BBC Learning’s Ten Pieces initiative is in its fourth year, opening up classical music to children all over the UK by encouraging them to make music at school. This Prom was themed around a search for the Firebird and a magical narrative was constructed with the help of Naomi Wilkinson, Paapa Essiedu and Josie Lawrence. Each Piece was introduced with a charming biographical story about the composer accompanied by beautiful animation by Ana Stephaniak.
Sibelius’s Finlandia, illustrated by stylised trees in a snowy landscape, created a subtly evolving panorama, the BBC Symphony Orchestra and Rafael Payare giving a performance of dynamism and emotional power. The search for the Firebird then extended to the prairies of America, to the ‘Hoe-Down’ from Aaron Copland’s Rodeo, the brass section sporting Stetson hats.
The colourful character of Joseph Bologne, Chevalier de Saint-Georges, followed to introduce a movement from his Symphony in G, written in 1799. Essiedu told tales of Bologne’s virtuoso swordsmanship and violin-playing. He and Lawrence’s Molly Finch provided humorous links between the music and also some moving dialogue with those with refugee and asylum-seeker backgrounds, who had written poems about home, inspired and accompanied by the Largo melody from Dvořák’s ‘New World’ Symphony, Alison Teale on cor anglais.
Themes of home and birds intertwined throughout. The Phoenix Dance Theatre brought music by Mason Bates to life, slithering and creating fascinating shapes and formations. Meanwhile Molly was on the trail of the elusive Firebird and encouraged the orchestra to play snippets of her favourite bird-themes, from Delius (Cuckoo), Handel (Nightingale) and Saint-Saëns (Swan). Young violinists from the London Music Masters project played their own compositions with the BBCSO, inspired by Barak Obama, Rebecca Adlington and Rosalind Franklin, and the Ten Pieces Children’s Choir performed with gusto and precision ‘O Fortuna’ from Carl Orff’s Carmina Burana and Kerry Andrew’s No Place Like.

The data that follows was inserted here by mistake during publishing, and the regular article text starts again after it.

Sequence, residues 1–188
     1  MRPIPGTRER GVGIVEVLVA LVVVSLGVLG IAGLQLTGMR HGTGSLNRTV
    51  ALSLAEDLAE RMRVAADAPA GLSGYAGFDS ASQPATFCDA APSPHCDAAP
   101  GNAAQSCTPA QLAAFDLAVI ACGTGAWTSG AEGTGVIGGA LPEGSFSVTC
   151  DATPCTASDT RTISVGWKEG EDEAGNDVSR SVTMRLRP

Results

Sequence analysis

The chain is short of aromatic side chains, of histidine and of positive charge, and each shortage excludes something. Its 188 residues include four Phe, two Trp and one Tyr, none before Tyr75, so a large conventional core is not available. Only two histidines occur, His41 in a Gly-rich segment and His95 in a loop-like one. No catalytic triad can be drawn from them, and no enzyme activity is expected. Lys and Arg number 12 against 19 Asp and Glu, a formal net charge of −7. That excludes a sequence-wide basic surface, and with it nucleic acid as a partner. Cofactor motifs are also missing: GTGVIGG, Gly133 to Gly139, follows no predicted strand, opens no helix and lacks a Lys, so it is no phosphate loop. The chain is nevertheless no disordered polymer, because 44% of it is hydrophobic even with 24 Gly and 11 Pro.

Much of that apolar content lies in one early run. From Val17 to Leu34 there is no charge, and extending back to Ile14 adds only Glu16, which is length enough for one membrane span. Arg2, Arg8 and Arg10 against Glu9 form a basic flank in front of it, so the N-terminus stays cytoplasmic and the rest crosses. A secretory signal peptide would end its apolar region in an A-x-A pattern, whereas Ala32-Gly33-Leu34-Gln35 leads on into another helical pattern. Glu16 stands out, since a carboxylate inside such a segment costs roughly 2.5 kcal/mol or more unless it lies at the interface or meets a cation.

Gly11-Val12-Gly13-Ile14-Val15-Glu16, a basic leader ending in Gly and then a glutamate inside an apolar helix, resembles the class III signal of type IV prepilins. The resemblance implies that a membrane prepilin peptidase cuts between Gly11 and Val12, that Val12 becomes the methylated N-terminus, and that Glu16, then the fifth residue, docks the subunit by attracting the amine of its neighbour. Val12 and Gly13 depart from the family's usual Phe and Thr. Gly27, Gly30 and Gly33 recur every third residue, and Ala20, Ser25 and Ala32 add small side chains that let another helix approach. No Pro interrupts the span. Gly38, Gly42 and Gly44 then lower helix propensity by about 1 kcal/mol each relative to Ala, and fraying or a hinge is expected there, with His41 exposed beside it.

Tchaikovsky’s ‘Waltz of the Flowers’ (The Nutcracker) and the Fugue from Britten’s Young Person’s Guide to the Orchestra were also included, the latter performed with an electricity that rivalled the appearance of the Firebird herself, yet the Stravinsky finished in a blaze of colourful effects and the gorgeous puppet version of the mythical bird left us completely enthralled.
- Recorded for future broadcast on BBC Radio 2
- BBC Proms www.bbc.co.uk/proms